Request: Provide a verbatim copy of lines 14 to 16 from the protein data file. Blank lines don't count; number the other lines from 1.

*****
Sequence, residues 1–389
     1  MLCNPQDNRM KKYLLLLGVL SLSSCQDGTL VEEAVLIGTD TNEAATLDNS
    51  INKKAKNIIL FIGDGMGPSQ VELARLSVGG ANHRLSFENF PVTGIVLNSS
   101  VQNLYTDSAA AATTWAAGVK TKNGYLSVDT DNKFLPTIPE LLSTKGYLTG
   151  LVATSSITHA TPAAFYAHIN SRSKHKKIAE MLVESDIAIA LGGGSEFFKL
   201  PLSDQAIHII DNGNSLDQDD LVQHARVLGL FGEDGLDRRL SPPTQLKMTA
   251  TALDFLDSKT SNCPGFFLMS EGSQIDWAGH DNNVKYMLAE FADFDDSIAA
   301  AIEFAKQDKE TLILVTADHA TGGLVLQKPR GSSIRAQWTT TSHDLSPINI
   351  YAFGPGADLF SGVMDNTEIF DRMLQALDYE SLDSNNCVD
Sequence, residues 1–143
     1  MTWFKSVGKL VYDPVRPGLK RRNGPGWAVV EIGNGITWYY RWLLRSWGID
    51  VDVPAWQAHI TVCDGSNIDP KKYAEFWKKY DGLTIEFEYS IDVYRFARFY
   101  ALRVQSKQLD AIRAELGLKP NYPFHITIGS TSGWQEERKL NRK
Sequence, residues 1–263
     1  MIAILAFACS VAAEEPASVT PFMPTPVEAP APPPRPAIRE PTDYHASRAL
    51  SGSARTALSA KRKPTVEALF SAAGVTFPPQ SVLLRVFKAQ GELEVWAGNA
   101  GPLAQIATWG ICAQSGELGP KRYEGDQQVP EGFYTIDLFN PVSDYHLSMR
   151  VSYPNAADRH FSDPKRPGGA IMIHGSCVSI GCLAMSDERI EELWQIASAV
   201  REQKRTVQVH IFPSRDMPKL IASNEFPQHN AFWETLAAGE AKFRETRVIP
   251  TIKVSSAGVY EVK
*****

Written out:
Sequence, residues 1–263
     1  MIAILAFACS VAAEEPASVT PFMPTPVEAP APPPRPAIRE PTDYHASRAL
    51  SGSARTALSA KRKPTVEALF SAAGVTFPPQ SVLLRVFKAQ GELEVWAGNA